photographer boogie documents the darkest aspects of street culture
Since his first book It's All Good was published in 2006, Boogie has been granting his audience rare access to a world defined by violence, poverty and disarray. Rarely romanticising the origin of intent behind his work, Boogie's intimate images often offer a vivid portrait of metropolitan cities around the world. From Brooklyn to Belgrade - where he was born and is currently based - Boogie is a dedicated documentarian of street culture. His sixth photobook A Wha Do Dem due in late September was shot in Kingston, Jamaica and continues to curiously delve deep into a world familiar to few.
What do you remember most about growing up in Belgrade?
Belgrade made me who I am and influenced my style immensely. I had an amazing childhood: playing outside all the time, no fear, crime rates were low. It was a one-of-a-kind socialist country. Then in 1989, tensions started rising and I did military service. I remember coming back to Belgrade through Croatia and being kind of afraid to speak with a Serbian accent. We weren't welcome there. A year or so later, the full-blown war started.
Over the years, a consistent theme has developed in your work. What is your main curiosity about street culture and how has it deepened since your first book?
I'm from the streets. Whenever I go to a new city, I want to experience what real people eat and what real people do. It also becomes really addictive, like being in a movie - you experience a reality that not many people have access to. For this past project, I had the opportunity to hang out with the cops and the gangsters. I think it's important to meet and document both sides in order to really understand it from all angles.
Do you feel like you have to be particularly mindful of exploitation when documenting your subjects?
I don't really think about it. Photographers who say "I'm trying to make a difference, or trying to change this or that…" We are just photographers. I think the reasons are pretty much selfish, we do it because we like to do it, it's not about changing the world. I think that's just bullshit. People try to make it sound so romantic and I'm like, 'You're not curing AIDS or fighting a war or saving anyone. You're just taking pictures.'
How do you feel after, when you're going through the images you've shot?
When you're behind the camera, it's almost like you don't participate, you're just an observer. After I would get so depressed; it was really hard to process. It doesn't really hit you right away. I've seen people shooting up and smoking crack several times. After the first book, it became hard for me to see 'normal' shots around me. It was hard to be inspired by something that wasn't a gun or a needle or something like that.
Becoming a fly on the wall and gaining the trust of your subjects seems like a job in itself. What's your approach?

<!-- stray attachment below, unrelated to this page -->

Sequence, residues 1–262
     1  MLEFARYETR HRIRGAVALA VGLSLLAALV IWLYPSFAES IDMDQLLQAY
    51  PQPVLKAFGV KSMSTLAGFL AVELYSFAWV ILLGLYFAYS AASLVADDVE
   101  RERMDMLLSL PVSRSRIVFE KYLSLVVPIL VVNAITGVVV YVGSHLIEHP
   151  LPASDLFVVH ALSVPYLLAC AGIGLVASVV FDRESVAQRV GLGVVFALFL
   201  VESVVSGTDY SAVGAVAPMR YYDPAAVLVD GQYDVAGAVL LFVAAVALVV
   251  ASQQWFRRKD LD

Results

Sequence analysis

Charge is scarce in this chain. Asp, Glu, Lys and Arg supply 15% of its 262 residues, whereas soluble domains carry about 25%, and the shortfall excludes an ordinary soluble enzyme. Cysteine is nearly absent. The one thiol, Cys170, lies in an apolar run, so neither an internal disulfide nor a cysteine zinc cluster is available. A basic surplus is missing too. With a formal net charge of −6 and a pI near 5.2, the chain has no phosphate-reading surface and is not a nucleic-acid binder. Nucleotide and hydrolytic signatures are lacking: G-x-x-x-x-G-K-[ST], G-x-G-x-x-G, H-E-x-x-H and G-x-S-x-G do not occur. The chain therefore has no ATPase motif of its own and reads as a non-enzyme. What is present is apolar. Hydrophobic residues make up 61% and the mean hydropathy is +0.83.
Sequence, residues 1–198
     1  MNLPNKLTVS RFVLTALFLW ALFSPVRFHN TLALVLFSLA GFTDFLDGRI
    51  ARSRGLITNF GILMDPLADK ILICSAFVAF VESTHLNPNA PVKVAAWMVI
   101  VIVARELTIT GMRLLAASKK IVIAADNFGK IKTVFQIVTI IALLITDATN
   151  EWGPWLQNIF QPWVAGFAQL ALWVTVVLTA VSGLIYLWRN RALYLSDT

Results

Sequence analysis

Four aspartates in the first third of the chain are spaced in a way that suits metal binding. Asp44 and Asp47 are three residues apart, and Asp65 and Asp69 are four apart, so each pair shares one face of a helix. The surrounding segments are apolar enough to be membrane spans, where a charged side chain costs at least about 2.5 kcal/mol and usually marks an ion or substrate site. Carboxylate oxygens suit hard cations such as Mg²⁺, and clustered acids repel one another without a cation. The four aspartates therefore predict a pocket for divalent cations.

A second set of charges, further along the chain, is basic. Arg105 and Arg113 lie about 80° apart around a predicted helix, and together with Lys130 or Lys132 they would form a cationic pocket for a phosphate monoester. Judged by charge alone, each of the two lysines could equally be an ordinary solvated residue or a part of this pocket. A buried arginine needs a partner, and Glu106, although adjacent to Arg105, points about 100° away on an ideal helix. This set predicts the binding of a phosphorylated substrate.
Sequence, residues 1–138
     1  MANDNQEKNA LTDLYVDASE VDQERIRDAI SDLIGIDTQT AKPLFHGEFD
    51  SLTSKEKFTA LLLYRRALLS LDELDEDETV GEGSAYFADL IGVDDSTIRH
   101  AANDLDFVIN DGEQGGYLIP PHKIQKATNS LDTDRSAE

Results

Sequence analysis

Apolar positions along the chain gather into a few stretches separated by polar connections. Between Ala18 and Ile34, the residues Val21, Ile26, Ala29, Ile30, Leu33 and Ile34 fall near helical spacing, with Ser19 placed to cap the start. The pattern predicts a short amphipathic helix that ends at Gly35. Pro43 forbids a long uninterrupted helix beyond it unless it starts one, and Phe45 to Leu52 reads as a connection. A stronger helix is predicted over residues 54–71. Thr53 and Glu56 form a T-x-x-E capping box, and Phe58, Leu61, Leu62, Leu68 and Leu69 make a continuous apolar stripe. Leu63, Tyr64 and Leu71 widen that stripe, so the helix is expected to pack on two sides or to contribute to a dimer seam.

People feel each other's energy before words are spoken, especially people who are on the edge of society - I think they follow and trust their instincts more than we do. They can tell if you're real or not. I've always had a good relationship with people in the margins of society. If you give respect, you get it back. I'm not fearless at all because I care about what happens to me; I don't think any image is worth dying for. In the streets, your instincts are your best tool. When my instincts tell me it's gonna get nasty and I need to go, I go.
A Wha Do Dem is the title of your new book shot in Kingston, Jamaica. How did it develop?
On the last night of my vacation in Kingston with my wife, I took some pictures of some guys with machine guns who I was introduced to by a friend of a friend. Once the connection had been made, it was up to me to gain their trust, stay there and build something. I flew back to New York and couldn't stop thinking about it. After two months, I went again. Jamaica is much more intense than anywhere I've been. In my other projects, the surface was quiet and normal--you have to seek what you're looking for. Kingston was crazy, everything was much louder and in your face.
This will be your first publication in color. Jamaica was a great place to explore that…
I felt like it would be really tragic for me to shoot Jamaica in black and white; it was the perfect place to explore a project in color, which I've been using more of over the past four years. I was obsessed with the washed out, painted signs there, it's a big step for me.
What are you excited about working on next?
The DEMONS project I'm working on: wet plate collodion on black plexiglass. It's the closet thing to art that I've done, everything from the process to the final piece. There's no duplicating of these images - that technique creates something beyond this world. The older, I get the more inspired I become. Maybe in the beginning I was after extreme situations, now I'm not. You don't need to go to a war zone to find good shots, they're everywhere. You don't want to keep shooting the same shit over and over again. If you change as a human being, your work will also.
Text Zeyna Sy